6. Yellow River

Countries: China

Beginning in the Bayankala Mountains of western China, the Yellow River flows through nine provinces before emptying into the Bohai Sea. With a total length of 5,464 kilometres (3,395 miles), it is number 6 on the list of the 10 longest rivers on earth.  The river gets its name due to the high silt content of its waters, which give it a muddy, yellow colour. The history of the Yellow River is fascinating. Thought to be the birthplace of Chinese civilization, this river and its basin have been critical to the economic development of northern China. On the other hand, it’s also been a source of frequent natural disasters, with devastating floods marring the long history of the Yellow River. Nevertheless, to visit the Yellow River is to visit a place where ancient dynasties were born and the river is crucial to understanding Chinese history.

7. Ob-Irtysh River

Countries: Russia, Kazakhstan, China, Mongolia

A product of the merging of two rivers (Ob and Irtysh), the Ob-Irtysh River spends half of the year in a frozen state, due to its location in the unforgiving climate of Western Siberia. With a total length of 5,410 kilometres (3,364 miles), the main bulk of the waterway can be found in Russia. In fact, the most important city found on the banks of the Ob-Irtysh is Novosibirsk a stop on the famous Trans-Siberian Railway route.

8. Rio de la Plata

Countries: Brazil, Argentina, Paraguay, Bolivia, Uruguay

Another great river of South America is the Rio de la Plata, or ‘River Plate’. Formed by the confluence of the Uruguay River and the Paraná River in Uruguay, the Rio de la Plata empties into the Atlantic Ocean at the estuary between Buenos Aires and Montevideo. While the Rio de la Plata itself is only 290 kilometres long, its tributaries (the Uruguay River and the Paraná River) make it one of the world’s longest rivers, with a total length of 4,880 kilometres (3,030 miles). Furthermore, it is officially the widest river in the world, measuring some 220 kilometres at its widest point.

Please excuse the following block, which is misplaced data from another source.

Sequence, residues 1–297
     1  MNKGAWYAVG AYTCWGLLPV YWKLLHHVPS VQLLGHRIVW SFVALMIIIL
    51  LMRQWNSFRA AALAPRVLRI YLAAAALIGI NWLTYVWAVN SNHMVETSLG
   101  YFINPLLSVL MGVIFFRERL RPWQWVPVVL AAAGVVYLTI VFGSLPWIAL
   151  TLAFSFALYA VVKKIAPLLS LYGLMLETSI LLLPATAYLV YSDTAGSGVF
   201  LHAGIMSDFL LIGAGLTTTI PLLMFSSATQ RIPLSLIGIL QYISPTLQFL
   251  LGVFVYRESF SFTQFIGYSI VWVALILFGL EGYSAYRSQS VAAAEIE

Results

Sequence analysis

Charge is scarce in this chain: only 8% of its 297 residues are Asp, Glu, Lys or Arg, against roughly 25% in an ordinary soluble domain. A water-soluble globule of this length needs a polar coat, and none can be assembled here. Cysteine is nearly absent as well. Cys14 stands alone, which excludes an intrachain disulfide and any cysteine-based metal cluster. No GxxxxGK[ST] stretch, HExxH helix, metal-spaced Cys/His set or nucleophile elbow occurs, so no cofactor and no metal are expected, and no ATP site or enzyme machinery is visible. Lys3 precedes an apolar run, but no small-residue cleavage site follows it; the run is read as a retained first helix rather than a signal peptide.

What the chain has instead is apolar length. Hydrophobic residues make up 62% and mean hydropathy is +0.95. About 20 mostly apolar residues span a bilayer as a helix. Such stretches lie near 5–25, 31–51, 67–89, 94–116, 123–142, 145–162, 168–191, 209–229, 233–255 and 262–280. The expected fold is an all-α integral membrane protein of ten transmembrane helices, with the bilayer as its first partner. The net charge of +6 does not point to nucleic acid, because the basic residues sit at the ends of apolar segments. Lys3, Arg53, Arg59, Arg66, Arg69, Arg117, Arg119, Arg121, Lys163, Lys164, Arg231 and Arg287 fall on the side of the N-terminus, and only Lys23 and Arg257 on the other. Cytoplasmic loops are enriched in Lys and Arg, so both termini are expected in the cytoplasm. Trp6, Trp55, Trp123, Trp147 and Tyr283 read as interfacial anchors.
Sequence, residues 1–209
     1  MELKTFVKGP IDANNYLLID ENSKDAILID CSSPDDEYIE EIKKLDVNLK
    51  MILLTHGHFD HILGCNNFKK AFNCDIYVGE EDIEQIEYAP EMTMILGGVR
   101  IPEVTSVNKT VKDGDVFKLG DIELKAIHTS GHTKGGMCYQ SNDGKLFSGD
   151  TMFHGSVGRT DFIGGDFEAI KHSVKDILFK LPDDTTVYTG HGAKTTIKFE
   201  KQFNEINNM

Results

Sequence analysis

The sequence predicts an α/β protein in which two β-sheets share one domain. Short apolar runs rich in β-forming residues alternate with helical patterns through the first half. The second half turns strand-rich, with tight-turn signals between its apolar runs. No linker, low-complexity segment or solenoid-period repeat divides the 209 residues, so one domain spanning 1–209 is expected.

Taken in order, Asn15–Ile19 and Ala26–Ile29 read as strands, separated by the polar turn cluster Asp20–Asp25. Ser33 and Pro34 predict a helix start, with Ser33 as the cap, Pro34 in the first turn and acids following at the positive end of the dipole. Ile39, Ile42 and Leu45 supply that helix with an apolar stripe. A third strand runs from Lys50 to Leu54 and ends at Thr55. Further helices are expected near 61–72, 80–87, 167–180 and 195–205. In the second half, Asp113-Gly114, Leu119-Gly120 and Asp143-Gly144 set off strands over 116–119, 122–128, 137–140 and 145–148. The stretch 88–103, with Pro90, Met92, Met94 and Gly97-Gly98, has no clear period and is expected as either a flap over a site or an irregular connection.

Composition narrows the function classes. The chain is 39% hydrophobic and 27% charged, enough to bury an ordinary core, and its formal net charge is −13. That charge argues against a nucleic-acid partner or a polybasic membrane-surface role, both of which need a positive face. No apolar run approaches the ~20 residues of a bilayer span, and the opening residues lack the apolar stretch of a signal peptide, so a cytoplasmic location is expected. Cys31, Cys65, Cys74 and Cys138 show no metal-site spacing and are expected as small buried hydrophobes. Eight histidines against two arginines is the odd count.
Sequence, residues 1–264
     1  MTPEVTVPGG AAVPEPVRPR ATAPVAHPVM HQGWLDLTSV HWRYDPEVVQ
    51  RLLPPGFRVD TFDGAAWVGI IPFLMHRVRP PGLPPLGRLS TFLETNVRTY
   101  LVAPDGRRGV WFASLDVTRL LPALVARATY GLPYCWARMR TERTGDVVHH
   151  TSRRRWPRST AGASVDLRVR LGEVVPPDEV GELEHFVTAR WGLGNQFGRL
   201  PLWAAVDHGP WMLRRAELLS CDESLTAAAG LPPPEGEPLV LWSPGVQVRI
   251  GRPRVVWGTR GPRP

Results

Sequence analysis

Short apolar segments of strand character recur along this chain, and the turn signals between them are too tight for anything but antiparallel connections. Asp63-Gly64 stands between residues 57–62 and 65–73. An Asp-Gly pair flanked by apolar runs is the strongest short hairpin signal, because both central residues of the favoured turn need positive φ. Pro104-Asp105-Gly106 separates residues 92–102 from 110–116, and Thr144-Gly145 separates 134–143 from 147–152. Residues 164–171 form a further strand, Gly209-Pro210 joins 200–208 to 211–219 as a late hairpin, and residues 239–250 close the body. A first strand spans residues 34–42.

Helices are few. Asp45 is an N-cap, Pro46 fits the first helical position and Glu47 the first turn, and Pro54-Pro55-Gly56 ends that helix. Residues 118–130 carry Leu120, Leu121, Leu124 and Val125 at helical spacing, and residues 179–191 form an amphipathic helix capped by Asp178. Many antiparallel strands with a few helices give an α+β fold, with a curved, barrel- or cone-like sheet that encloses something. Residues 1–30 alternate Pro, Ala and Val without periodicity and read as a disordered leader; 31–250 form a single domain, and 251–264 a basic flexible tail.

9. Congo River

Countries: Democratic Republic of the Congo, Central African Republic, Angola, Tanzania, Cameroon, Zambia, Burundi, Rwanda

In the heart of Africa lies the Congo River, the deepest river on earth. Simply enormous, this winding river supports incredible ecosystems throughout central and eastern Africa. Beginning in the DMRC, the course of this river heads eastwards, eventually emptying into the Atlantic Ocean. Crossing the equator twice on its course towards the sea, the Congo River is an important source of water for forest-dwelling animals such as elephants, gorillas and hyenas. It measures 4,700 kilometres (2,922 miles) in total.

10. Amur River

Countries: China, Mongolia, Russia

Last but not least, the Amur River is the number 10 on our list of the 10 longest rivers in the world. Forming a geographical border between the Russian Far East and China, the Amur River originates near the sacred mountain of Burkan Khaldun. This mountain in Mongolia is believed to be the birthplace of Genghis Khan. What’s fascinating about this river is the wide variety of ecosystems sustained by its flow. From boreal forests to deserts and tundras, the Amur flows through them all. At 4,444 kilometres (2,763 miles) in length, this little known river is an important source of life and cultural heritage to many remote communities in this part of the world.

Bonus: Volga River (Europe’s longest river)

Countries: Russia

Longest river in Europe

Flowing through Central Russia to Southern Russia and into the Caspian Sea, the Volga is 3,531 kilometres (2,194 miles) long. As Europe’s longest river, it deserved a mention on our list! Furthermore, it’s an important destination for river cruises. Passing through the most important cities in the country including St. Peterburg and Moscow, the Volga is an essential part of Russian history and culture.

So, now you know the  10 longest rivers in the world! Ready to get out and explore? Discover our range of globe-trotting trips and latest river cruises on our official website: